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Do You Suffer From AGHD?

January 13th, 2021

As people age their bodies lose the ability to produce many important hormones. The deficiencies and imbalances that result can cause a number of unpleasant symptoms like weight gain, fatigue, insomnia, depressed mood, and decreased sex drive.

The culprits that come to mind when we think of age-related hormone decline are oftentimes estrogen, progesterone, and testosterone…or perhaps DHEA, pregnenolone, and thyroid.

But there’s another critical hormone that also decreases with age…one that may not be front of mind when thinking about hormone decline. And the symptoms it causes when its levels are low can overlap with the symptoms that occur when other hormones are deficient.

We’re talking about growth hormone (also known as human growth hormone, GH, or HGH).

You may be aware that growth hormone replacement using recombinant growth hormone has received a lot of negative attention over the years as a result of athletes using it to enhance performance. Like anabolic steroids, using growth hormone for this purpose is controversial and is banned by most sports organizations.

However, reduced levels of growth hormone in adults as they get older is a recognized…and treatable…medical condition. It even has a name: adult growth hormone deficiency (or AGHD).

So how do you know if you suffer from AGHD and what can you do about it?

First, we need to understand what growth hormone is and what it does.

Growth Hormone Basics

Growth hormone is produced by the pituitary gland and its most crucial job is to make children and teenagers grow until they reach adulthood.

But its work doesn’t end there. Growth hormone continues to be important beyond childhood, helping to control a number of important physiological processes for people of all ages, including:

  • Blood glucose regulation
  • Accumulation of muscle mass and bone density
  • Metabolism
  • Cholesterol balance and fat storage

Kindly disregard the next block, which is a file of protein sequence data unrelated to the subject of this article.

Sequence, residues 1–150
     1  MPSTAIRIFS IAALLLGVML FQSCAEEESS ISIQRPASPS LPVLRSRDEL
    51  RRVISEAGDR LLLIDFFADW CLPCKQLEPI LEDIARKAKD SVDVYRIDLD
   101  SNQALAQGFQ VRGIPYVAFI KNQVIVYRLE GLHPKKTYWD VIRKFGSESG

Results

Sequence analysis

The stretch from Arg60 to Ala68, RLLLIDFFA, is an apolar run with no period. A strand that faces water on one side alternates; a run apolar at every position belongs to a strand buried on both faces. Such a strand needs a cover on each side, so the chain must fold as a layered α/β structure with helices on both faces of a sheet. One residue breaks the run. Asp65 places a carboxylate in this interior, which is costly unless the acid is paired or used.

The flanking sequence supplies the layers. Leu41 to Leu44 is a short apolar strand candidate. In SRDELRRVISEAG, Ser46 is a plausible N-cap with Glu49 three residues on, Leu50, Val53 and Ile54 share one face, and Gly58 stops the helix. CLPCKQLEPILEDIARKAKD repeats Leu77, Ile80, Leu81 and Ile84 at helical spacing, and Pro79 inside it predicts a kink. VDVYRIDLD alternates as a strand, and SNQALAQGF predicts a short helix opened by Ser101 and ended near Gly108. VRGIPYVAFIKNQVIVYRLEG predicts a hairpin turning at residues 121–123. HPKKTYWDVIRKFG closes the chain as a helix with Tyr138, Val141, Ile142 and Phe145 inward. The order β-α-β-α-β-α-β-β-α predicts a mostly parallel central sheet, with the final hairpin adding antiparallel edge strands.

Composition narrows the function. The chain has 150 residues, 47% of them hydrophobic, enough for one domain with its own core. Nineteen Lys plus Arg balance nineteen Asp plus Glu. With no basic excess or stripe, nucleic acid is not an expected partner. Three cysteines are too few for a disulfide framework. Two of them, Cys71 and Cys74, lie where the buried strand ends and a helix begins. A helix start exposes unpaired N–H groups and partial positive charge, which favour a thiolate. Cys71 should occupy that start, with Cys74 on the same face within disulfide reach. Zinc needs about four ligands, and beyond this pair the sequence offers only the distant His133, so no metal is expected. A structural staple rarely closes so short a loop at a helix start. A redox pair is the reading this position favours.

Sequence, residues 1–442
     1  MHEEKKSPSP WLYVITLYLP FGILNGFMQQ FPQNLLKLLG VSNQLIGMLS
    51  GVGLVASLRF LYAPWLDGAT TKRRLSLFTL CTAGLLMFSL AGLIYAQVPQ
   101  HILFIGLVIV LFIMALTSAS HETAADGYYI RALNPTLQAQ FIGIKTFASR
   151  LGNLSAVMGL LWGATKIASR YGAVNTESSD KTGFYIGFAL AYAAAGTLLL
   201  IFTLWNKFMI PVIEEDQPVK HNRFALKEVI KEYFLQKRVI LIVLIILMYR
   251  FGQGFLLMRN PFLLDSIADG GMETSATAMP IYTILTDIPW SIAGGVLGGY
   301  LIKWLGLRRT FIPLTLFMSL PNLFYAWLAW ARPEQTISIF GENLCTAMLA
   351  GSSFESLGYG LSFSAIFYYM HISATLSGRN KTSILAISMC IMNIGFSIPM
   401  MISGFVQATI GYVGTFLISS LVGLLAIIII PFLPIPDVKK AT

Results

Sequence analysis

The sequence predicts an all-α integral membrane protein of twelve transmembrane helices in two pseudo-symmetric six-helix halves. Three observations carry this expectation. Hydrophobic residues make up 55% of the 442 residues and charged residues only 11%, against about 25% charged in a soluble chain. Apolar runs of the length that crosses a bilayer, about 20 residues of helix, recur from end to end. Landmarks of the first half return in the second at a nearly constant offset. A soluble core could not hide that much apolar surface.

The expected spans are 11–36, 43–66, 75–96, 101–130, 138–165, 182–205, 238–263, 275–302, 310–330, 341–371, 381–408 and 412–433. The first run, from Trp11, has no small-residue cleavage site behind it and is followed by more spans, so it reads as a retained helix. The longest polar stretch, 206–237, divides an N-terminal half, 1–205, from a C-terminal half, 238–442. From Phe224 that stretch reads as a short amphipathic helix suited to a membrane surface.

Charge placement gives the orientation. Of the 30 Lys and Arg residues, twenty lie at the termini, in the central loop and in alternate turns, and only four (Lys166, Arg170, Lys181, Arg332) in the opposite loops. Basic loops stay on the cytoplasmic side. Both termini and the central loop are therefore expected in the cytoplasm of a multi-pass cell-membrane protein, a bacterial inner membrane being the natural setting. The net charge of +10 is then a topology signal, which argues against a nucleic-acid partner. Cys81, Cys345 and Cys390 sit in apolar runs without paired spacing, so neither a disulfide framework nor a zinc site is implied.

• Brain function
  • Sleep

Interestingly, your pituitary gland doesn’t release a constant flow of growth hormone. Instead, growth hormone is released episodically, in pulses that occur every three to four hours in response to the hypothalamus secreting a hormone called “growth hormone-releasing hormone” (or GHRH).

When the need for growth hormone is reduced, the hypothalamus secretes another hormone called somatostatin to stop its release.

Adult Growth Hormone Deficiency

As an adult, your body is no longer growing and no longer needs the high levels of growth hormone present in children and teens. However, if your pituitary gland doesn’t produce a sufficient supply of growth hormone to perform its other vital functions, you may experience symptoms such as:

  • Loss of lean muscle mass, strength, and stamina
  • Reduced bone density
  • Increased abdominal fat
  • Higher levels of “bad” (LDL) cholesterol as compared to “good” (HDL) cholesterol
  • Fatigue
  • Lower sex drive and decreased sexual function
  • Insomnia
  • Mood issues like depression, anxiety, irritability, and mood swings
  • Slower healing
  • Compromised immunity
  • Loss of skin elasticity

In the medical world, this gradual loss of growth hormone production is called adult growth hormone deficiency or sometimes somatopause.

And since many of the symptoms associated with AGHD (e.g. muscle loss and increased body fat) overlap with the symptoms commonly associated with other hormone deficiencies, a lack of growth hormone needs be included as a possible cause for the many issues that are symptomatic of “aging”.

What to Do

So what should you do if you exhibit some or all of the symptoms described above?

First…call Renew Youth and let us check your hormone levels. We’ll provide you with a lab requisition and send you to a local collection site for a simple blood test.

If your growth hormone levels are low, there are a couple of solutions:

  1. Our doctors can prescribe growth hormone replacement using recombinant growth hormone. This is accomplished via injections that are done each night before bed.
  2. Our doctors can prescribe growth hormone stimulating peptides (also known as secretagogues). These peptides work by stimulating the pituitary gland to produce more of its own growth hormone. One benefit to this approach is that growth hormone production is controlled by the pituitary and is released episodically, which is a bit closer to natural. A caveat is that how well this treatment works will depend on how well the pituitary responds to being stimulated.

At Renew Youth, we know the symptoms associated with aging can have more than one cause, including decreased growth hormone production.

To learn more, call us at 800-859-7511 or use our contact form to set up your free 30-minute consultation.

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